Because the ball is difficult to control, the space where a player can reach it often overlaps with another person’s, and it is this interplay of personal spaces - where each player can sense when he or she can reach the ball – that drives the game. Much in the same way that the ball develops permanent muscle memory, prolonged interactions with the ball cause this sense of extended personal space to be active even when we are not interacting with the ball itself. It is this active sense of where one can reach the ball that drives defending. Anyone who has ever played soccer has been told that good defending revolves around the idea of ‘timing’ a challenge to the ball. This idea is largely taken for granted; no-one has ever bothered to ask ‘what exactly are we waiting for?’ The defender is waiting until these two extended personal spaces – the space of the defender, and the space of the attacker – overlap. If you watch the video below, you can see the exact second when the defender can sense the ball is within reach, and then he tackles. Thus, the entire game of football hinges on this concept of extended proprioceptive space: the good player is the one who understands how to utilize this new sense of space, and manipulate its relation to the space of others.
Like all areas of study, football has its saints: people today still talk about great players of the past – whether its Maradona, Cruyff, or Pele - as if these players possessed some divine talent of the feet. However, a closer examination of these players’ tactics reveals that their greatness derives not from some mysterious physical ability, but instead from a heightened understanding of this concept of extended personal space. The flashy tricks that so many players put on, although visually impressive, have a more practical meaning: they are designed to manipulate the defender’s conception of the space they control. What a trick literally does is to draw the defender into thinking the ball is within reach, committing a challenge, and thus giving the attacker the opportunity to move the ball past the defender. If the attacker did not dupe the defender by playing with his or her sense of controllable space, the attacker could never force the defender to commit.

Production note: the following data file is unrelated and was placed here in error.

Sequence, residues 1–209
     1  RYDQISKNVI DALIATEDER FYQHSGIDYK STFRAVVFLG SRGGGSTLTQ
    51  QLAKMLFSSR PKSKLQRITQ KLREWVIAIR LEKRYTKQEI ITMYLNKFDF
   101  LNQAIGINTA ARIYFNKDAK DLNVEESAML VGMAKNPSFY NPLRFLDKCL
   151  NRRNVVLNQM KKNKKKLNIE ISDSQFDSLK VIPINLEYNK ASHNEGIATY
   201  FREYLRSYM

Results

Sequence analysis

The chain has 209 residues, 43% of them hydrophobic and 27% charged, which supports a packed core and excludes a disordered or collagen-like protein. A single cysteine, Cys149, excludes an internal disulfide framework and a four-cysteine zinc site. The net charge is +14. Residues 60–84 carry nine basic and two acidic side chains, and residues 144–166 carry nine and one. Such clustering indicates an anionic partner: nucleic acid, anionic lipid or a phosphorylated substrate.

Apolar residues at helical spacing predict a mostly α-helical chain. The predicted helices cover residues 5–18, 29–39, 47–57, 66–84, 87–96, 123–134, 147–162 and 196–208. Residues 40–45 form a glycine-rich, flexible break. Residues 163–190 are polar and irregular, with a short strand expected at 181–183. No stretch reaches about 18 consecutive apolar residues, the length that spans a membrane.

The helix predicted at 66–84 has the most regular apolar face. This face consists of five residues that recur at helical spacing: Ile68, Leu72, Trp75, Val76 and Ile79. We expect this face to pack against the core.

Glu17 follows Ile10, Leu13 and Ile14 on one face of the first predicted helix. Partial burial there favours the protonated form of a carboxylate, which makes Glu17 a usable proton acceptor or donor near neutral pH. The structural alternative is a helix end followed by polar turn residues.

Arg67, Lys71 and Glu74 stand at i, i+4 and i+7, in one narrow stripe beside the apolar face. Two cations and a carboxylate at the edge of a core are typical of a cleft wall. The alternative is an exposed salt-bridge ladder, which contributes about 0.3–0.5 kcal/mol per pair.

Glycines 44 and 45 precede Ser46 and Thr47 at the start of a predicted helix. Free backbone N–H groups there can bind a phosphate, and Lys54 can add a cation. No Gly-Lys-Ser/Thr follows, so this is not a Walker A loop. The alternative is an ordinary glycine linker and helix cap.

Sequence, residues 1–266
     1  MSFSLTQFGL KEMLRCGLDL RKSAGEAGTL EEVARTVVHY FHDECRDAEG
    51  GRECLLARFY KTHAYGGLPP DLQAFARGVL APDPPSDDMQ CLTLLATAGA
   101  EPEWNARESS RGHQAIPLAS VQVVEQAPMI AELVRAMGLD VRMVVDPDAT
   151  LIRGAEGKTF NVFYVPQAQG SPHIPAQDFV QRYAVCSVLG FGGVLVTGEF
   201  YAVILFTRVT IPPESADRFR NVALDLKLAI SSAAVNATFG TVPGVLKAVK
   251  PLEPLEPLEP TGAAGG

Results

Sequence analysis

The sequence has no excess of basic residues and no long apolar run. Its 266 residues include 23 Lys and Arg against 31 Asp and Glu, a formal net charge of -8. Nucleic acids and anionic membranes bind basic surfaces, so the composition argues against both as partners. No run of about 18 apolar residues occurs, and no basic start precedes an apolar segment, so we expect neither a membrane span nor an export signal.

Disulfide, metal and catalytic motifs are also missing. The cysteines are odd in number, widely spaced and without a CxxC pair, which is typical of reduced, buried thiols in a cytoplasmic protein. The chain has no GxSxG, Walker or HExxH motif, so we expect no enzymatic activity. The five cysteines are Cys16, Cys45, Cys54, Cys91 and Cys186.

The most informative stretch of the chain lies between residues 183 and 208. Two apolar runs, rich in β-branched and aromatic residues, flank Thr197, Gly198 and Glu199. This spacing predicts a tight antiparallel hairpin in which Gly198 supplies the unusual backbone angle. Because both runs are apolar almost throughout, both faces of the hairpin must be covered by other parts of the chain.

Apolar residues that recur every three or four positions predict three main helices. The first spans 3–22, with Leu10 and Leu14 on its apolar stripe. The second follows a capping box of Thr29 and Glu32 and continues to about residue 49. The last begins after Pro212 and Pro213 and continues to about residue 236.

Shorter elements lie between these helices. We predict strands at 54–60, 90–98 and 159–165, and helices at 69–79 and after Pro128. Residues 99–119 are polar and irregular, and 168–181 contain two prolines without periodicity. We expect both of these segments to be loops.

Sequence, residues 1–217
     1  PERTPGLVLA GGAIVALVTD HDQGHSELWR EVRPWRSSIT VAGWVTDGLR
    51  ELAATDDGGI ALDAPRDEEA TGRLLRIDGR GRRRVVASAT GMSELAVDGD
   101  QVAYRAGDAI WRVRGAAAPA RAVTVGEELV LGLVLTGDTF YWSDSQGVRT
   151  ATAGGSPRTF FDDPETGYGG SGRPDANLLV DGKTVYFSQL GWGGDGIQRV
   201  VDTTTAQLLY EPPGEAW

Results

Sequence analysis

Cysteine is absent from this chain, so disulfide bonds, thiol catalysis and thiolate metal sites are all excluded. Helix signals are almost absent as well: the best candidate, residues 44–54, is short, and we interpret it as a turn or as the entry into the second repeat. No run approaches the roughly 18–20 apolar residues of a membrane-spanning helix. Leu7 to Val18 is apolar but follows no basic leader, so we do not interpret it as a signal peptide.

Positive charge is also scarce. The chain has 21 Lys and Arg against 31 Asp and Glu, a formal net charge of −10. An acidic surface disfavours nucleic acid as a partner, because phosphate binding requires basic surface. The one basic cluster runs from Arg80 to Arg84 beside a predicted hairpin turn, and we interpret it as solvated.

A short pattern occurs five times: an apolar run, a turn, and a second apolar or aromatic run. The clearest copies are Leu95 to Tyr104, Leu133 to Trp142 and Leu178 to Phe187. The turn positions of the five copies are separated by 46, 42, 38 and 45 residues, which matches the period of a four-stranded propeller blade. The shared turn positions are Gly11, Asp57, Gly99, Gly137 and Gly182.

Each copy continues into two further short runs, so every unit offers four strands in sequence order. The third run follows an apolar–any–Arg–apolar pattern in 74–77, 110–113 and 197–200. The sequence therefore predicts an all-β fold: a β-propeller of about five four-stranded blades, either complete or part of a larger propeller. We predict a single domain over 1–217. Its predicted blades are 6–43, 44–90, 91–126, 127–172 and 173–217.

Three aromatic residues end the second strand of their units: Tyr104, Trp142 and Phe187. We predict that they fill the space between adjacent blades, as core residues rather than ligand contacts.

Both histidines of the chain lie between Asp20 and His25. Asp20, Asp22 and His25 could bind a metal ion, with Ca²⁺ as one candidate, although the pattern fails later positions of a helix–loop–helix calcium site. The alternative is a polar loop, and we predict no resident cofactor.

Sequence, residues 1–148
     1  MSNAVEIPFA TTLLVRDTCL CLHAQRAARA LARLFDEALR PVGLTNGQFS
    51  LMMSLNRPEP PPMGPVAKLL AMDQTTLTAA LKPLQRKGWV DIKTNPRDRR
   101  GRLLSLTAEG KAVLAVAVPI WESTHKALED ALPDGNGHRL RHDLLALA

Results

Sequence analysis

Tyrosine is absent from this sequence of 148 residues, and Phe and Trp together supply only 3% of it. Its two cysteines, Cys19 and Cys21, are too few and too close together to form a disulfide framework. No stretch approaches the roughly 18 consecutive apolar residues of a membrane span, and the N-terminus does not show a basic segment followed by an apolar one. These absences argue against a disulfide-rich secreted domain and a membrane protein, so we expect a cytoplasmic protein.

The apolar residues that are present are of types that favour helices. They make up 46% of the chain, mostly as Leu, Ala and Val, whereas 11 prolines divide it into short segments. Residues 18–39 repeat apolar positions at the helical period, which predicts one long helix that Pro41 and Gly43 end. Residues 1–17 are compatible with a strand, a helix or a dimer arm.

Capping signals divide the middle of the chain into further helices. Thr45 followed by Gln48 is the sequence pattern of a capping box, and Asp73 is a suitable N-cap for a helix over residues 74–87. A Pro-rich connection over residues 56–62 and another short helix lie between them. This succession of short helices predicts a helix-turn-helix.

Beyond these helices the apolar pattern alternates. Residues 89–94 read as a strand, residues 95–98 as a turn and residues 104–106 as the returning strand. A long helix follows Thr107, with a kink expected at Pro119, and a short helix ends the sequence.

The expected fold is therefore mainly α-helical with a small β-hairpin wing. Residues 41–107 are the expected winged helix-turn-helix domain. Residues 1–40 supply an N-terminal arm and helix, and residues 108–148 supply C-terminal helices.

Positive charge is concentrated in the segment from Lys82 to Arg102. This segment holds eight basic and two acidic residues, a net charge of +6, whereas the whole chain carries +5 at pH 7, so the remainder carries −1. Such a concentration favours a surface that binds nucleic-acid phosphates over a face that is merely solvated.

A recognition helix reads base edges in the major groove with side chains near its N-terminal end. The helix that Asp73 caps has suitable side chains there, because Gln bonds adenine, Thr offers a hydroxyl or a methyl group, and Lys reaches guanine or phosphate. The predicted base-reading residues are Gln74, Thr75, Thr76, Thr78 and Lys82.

Along these lines, many players who have been deemed ‘great’ due to their possession of the ball actually owe their success to the manipulation of controllable space. Diego Maradona, one of the world’s most well known football players, plays with this exact concept by continuously placing the ball in small, specific areas that are barely outside any defenders’ controllable space. In the video above of what has been called “the goal of the century”1, we see Maradona run from one end of the field to the other, constantly knocking the ball bafflingly far in front of his feet, only to evade six defenders to score. The way he does this is to perfectly judge the opposition’s controllable space, placing the ball into the exact areas where no one can reach. We see perfectly place the ball barely outside of each defender's radius of controllable space again and again, eventually luring the goalkeeper off his line by showing the ball, only to push the ball around him. This manipulation of other players' controllable space has been the mark of the world’s greatest footballers; Dutch footballer Johan Cruyff (who we shall see more of later) was so adept at understanding controllable space that he was once famously dubbed ‘Pythagoras in boots’.
Thus, the game of soccer is driven by a complex combination of human-object interaction. It is not the ball or the player that drives the game; instead it is the players’ interactions between their heightened senses of space, which are mediated by their long term relationship with the ball, that create the football we play today.